LEGO 2K Drive, a dedicated LEGO racing game, was released a few days ago. What player from Forza Horizon 4 could already experience as a DLC, so there is now finally also a standalone game.
You race through Bricklandia in self-made carts, you can compete against other players in the open world and you have to assert yourself against your rivals if you want to secure the coveted Sky Cup trophy at the end of the campaign. The whole thing sounds like one Mario Kart meets Forza Horizon at. There are different terrains and biomes, but also power ups during the races. Your vehicle automatically adapts to the environment, even if you drive through water. All you have to do is drive yourself.
There are both single and multiplayer modes, but also the possibility to gamble with friends in split screen. According to Creative Director Brian Silva, it weighs a total of around 15 hours of gaming fun.
You can of course build your own cars, who would have expected anything else from LEGO? You can put together your vehicle right from the start from over 1000 components. For the less experienced builders, however, there are also prefabricated vehicles. In the trailer, for example, you can see a burger whizzing around.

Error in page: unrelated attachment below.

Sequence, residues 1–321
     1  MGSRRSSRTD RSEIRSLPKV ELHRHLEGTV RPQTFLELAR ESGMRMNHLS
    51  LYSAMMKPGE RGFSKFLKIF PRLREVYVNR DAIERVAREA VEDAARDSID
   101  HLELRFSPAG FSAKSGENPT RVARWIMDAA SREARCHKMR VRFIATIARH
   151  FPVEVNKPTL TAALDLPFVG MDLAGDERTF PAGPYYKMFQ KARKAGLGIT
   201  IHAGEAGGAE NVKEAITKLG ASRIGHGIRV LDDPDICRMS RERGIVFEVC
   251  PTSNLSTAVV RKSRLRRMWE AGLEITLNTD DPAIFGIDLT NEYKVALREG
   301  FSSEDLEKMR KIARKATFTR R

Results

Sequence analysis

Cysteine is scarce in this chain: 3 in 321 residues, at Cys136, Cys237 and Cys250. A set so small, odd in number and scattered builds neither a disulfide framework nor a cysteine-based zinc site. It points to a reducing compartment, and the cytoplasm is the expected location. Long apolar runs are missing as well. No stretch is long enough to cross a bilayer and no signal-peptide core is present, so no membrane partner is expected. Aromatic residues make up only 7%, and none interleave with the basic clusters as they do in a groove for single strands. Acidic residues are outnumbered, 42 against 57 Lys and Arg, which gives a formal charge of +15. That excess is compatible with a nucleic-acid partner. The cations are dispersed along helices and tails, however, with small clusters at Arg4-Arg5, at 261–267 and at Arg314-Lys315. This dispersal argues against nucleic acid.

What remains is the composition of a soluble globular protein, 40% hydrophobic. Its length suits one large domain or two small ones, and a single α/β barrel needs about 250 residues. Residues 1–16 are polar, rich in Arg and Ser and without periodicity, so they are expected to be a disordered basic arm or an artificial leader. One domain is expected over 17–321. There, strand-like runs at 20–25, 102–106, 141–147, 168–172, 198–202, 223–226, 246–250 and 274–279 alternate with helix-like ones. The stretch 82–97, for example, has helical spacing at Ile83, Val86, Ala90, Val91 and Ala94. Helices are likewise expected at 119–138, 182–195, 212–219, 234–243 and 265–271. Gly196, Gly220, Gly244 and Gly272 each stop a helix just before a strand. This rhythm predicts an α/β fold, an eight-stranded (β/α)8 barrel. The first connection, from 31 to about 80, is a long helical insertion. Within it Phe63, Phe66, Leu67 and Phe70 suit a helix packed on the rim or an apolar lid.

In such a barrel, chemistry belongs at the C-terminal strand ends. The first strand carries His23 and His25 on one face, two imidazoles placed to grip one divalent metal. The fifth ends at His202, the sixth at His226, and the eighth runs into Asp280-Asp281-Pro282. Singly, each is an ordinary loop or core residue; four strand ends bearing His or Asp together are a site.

Microtransactions cause resentment
But there is also a catch: microtransactions. The publisher 2K Games has built the extremely unpopular option into the in-game shop, in which items can be bought with coins that can be earned, but also items that can only be bought with real money. The real LEGO stumbling block here, however, is that it is LEGO 2K Drive is a full-price title, which is also primarily aimed at a younger audience. Were microtransactions really necessary? The users think: No!
In order to prevent accidental purchases, a 2K account must be available, which must also be verified by the parents in the case of minors, but this is more about the basic principle that microtransactions are wrong and an option at all.
In addition to the microtransactions, there is also the Season Pass, which is subject to a fee, since the game is planned as a live service game. This one is in the awesome edition already included, but what exactly is unlocked by the Drive Pass has not yet been revealed. At this point, we can only speculate about this. You can read more about the DLC timetable and premium passes here.
Microtransactions the big sticking point
The reviews on Steam are therefore, and probably justified, mixed at best. Around half of around 220 reviews at the moment are negative. The most criticized point is, hardly surprising, the microtransactions, especially in combination with a full-price game. A number of users do not see the high price as justified, measured against the currently available content.
In addition to these obvious vulnerabilities, there are currently a few other issues that bother users. A criticized shortcoming is that you cannot start directly with self-made cars in multiplayer races, but that they have to be checked before you can compete with them, while elsewhere the rubber banding of the AI is viewed critically.